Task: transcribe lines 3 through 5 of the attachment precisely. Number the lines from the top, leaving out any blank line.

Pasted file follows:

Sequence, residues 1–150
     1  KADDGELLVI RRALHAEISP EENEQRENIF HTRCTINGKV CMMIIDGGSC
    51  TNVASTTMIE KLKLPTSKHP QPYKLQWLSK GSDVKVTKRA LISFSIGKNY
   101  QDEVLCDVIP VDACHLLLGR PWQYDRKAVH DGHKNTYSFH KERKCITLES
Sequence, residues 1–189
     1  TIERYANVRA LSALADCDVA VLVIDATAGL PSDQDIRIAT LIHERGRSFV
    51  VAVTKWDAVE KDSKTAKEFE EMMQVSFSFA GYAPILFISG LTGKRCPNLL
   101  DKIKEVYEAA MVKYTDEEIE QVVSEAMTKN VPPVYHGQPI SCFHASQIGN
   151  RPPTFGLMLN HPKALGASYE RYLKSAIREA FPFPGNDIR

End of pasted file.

    51  TNVASTTMIE KLKLPTSKHP QPYKLQWLSK GSDVKVTKRA LISFSIGKNY
   101  QDEVLCDVIP VDACHLLLGR PWQYDRKAVH DGHKNTYSFH KERKCITLES
Sequence, residues 1–189